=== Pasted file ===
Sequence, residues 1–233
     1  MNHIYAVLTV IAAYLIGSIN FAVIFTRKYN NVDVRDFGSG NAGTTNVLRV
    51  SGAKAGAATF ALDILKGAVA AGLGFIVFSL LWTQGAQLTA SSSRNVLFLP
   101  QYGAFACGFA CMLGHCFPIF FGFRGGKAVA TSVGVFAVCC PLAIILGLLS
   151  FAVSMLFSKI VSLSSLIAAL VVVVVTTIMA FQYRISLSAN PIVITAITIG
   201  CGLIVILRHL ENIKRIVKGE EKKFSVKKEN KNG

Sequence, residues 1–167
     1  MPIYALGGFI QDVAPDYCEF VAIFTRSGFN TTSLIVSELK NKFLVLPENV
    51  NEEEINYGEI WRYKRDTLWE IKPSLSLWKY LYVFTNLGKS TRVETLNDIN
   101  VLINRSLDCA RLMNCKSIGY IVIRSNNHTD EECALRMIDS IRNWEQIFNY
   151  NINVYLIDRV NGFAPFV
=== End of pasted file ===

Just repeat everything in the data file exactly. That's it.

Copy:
Sequence, residues 1–233
     1  MNHIYAVLTV IAAYLIGSIN FAVIFTRKYN NVDVRDFGSG NAGTTNVLRV
    51  SGAKAGAATF ALDILKGAVA AGLGFIVFSL LWTQGAQLTA SSSRNVLFLP
   101  QYGAFACGFA CMLGHCFPIF FGFRGGKAVA TSVGVFAVCC PLAIILGLLS
   151  FAVSMLFSKI VSLSSLIAAL VVVVVTTIMA FQYRISLSAN PIVITAITIG
   201  CGLIVILRHL ENIKRIVKGE EKKFSVKKEN KNG

Sequence, residues 1–167
     1  MPIYALGGFI QDVAPDYCEF VAIFTRSGFN TTSLIVSELK NKFLVLPENV
    51  NEEEINYGEI WRYKRDTLWE IKPSLSLWKY LYVFTNLGKS TRVETLNDIN
   101  VLINRSLDCA RLMNCKSIGY IVIRSNNHTD EECALRMIDS IRNWEQIFNY
   151  NINVYLIDRV NGFAPFV